Mac Miller – GO:OD AM

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This time two years ago Mac Miller was on top of the world. With a MTV reality TV show funding his music making addiction, among other ones, the future was bright and prosperous. Unsurprisingly, most fans were more interested in what turns he would take musically. The more commercial route was clearly laid out for him in the beginning but he cast that aside, as well as his TV show, in favour of producing quality music in the manner he chooses. With GO:OD AM he has released his best and certainly his most consistent work so far.

The lighter and more upbeat tone to the album suggests that Mac is in a happier place mentally and physically than he was two years ago. Good AM is a far cry from his last work, Watching Movies With The Sound Off, which featured a drug addled Mac exploring topics like humanity & mortality. As interesting and introspective as that record was, this one gives the impression that he is more comfortable in his own skin.

His issues with drugs are addressed directly on Perfect Circle/God Speed. It is a candid and brutally honest look at a once troubled artist, who thankfully has shaken this slump and come out better because of it. The whole album can be summed up with the theme of the song and that is redemption. Mac does his best to inspire the same vitality in the listener that he has recently discovered, a refreshing trait to see in someone with such wide reach and appeal.

GO:OD am is the sound of an artist who has evolved and grown. Whether it’s in terms of lyrics, delivery or general confidence, Mac has come a long way. He is a true hip hop artist, but with pop sensibilities that allow him to carry melodies and deliver better hooks than many of his tone deaf peers who use voice altering software like it’s going out of fashion. The consistency maintained over the course of 17 tracks makes this Mac’s most cohesive project yet. Maybe a clear and sober head might actually be good for songwriting, despite what history has showed us several times in the past.

4/5
-Ross Logan

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Oddisee, The Sugar Club

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It’s rare that you get two groups as hungry as Boss Level Series and This Side Up performing support sets at the one gig. B.L.S easily fill up the stage with their multiple man crew and unleash a ferocious barrage of tracks from the various artists on stage. They set a relentless pace for the next act, one that was easily matched by a two man crew from Sligo, This Side Up. Both acts showed two different sides of Irish hip hop, both as entertaining and skilfully executed as the other.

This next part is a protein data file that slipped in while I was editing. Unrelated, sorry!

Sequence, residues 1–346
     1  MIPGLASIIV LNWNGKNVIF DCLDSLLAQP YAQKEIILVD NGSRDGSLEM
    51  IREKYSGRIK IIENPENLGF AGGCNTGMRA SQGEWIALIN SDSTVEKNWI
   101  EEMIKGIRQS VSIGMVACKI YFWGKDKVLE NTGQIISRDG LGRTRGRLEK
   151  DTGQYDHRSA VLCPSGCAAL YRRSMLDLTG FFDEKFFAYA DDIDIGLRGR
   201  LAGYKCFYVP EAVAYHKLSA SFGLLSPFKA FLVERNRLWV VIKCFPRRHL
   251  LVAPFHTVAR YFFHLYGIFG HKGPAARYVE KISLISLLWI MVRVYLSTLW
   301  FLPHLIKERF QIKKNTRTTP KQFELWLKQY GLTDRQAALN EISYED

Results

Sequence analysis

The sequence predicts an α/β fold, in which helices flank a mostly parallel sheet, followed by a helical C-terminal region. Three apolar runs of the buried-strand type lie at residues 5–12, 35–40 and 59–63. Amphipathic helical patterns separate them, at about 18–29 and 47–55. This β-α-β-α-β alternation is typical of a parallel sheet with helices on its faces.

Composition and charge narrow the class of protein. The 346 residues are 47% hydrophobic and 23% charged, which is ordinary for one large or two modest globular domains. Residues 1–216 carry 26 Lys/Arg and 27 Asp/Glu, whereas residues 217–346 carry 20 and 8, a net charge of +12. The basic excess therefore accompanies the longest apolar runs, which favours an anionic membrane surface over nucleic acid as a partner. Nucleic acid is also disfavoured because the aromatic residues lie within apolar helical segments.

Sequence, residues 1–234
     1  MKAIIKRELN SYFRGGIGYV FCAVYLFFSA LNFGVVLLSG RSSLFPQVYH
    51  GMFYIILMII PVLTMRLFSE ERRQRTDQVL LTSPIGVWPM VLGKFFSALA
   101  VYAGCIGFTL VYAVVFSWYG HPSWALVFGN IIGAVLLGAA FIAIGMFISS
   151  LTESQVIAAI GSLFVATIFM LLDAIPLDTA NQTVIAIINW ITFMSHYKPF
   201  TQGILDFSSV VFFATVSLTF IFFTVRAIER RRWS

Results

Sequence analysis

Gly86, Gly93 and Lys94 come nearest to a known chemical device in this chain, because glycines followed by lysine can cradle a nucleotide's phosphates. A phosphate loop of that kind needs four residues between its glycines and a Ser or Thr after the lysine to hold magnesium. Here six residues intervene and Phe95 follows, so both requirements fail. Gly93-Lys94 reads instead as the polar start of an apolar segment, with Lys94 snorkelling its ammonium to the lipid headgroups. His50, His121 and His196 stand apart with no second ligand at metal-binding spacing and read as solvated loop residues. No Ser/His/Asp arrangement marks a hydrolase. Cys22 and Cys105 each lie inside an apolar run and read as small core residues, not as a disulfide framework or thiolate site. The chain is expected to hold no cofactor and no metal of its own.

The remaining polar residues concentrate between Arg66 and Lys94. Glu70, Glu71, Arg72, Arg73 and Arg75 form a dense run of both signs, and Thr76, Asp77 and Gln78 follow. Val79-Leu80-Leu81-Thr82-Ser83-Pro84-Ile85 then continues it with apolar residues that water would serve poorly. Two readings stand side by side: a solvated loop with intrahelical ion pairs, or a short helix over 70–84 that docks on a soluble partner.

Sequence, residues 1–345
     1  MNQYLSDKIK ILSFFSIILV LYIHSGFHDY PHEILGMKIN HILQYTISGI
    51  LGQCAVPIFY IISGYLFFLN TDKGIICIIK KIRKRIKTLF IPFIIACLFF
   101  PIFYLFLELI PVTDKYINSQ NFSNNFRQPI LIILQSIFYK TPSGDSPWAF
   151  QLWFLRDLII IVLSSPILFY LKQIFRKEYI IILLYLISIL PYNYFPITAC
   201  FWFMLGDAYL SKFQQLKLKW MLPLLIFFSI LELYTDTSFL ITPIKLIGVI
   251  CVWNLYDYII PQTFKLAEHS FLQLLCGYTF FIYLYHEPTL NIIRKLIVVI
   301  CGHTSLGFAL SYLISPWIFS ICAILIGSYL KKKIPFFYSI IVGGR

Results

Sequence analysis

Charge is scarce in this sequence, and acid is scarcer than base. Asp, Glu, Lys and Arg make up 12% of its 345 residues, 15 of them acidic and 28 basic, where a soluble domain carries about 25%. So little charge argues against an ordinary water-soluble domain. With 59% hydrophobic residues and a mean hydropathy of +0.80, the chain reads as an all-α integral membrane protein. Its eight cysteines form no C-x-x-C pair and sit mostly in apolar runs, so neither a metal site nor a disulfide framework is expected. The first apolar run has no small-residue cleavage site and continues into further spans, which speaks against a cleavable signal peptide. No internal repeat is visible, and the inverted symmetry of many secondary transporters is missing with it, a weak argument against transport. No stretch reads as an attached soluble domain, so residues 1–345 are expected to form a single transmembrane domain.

The energy exerted by the support acts is perhaps slightly deflated with Oddisee’s casual walk onto stage. It’s important to take his aesthetic into consideration though. He seems more obsessed with his craft rather than achieving some unobtainable level of fame. He has made a name for himself with deep and emotional lyrics and a fondness for low key live performances, as highlighted during his excellent NPR Tiny Desk Concert earlier this year.

The addition of his band, Good Company, is really what makes the show. Too often hip hop gigs are let down by a lack of a rapport between the band and the main act, but this was far from the case. Good Company elevate the show to new heights, ones that may be unachievable with the traditional rapper and DJ set up. ‘What’s Going On’ sounds as blissfully serene as always, with the light backing vocals add layers to Oddisee’s insightful verses.

The material from his latest release, the Good Fight, gets an extended run through. The obligatory singalong of ‘That’s Love’ proves to be the highlight of the evening, with the soulful ‘Contradiction’s Maze’ coming in close second. An encore featuring a little snippet of Simon Says by Pharaohe Monch is a sure fire way to end a somewhat laid back set with a massive bang. It’s also a great way to inject some more life into a truly personal and laid back performance.

Oddisee knows how to relate with fans through his music so it’s no wonder that he is such a master at doing so on stage also. He might not get the recognition he necessarily deserves at this point, but he leaves no doubt in the mind of the Sugar Club’s audience that he needs to be at least considered in your list of top 10 rappers. Whether you really agree with that statement or not, Oddisee will continue to honourably fight the Good Fight for true lyricism and real music anyway, and he must be commended for that.

Action Bronson, The Academy Dublin

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Action Bronson is a quite unlike any other rapper. After breaking his leg in a kitchen accident, he decided to leave the culinary world behind and put his rhyming skills to work just 5 years ago. It is fair to say he has come a long way in such a short space of time. Having released his major label debut, the eclectic ‘Mr. Wonderful’ in March and becoming a food critic in with his own show, ‘Fuck, That’s Delicious’ via Vice, it was no surprise to see the Academy sold out and full to the brim of eager fans looking to catch a glimpse of one of the most entertaining hip hop artists of the moment.